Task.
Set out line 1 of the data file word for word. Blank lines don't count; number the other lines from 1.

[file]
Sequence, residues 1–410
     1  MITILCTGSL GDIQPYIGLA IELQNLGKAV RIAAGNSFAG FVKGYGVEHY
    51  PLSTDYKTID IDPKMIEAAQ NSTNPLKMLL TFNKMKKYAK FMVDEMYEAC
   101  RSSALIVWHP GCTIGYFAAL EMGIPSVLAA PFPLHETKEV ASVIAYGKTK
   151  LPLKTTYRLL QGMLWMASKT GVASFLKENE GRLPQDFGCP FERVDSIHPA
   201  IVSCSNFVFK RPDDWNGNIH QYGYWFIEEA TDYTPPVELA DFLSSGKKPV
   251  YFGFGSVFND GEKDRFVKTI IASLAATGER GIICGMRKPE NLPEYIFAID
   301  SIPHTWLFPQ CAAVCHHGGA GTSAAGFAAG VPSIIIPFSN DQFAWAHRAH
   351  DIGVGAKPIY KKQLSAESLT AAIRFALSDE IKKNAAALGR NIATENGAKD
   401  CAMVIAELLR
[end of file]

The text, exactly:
Sequence, residues 1–410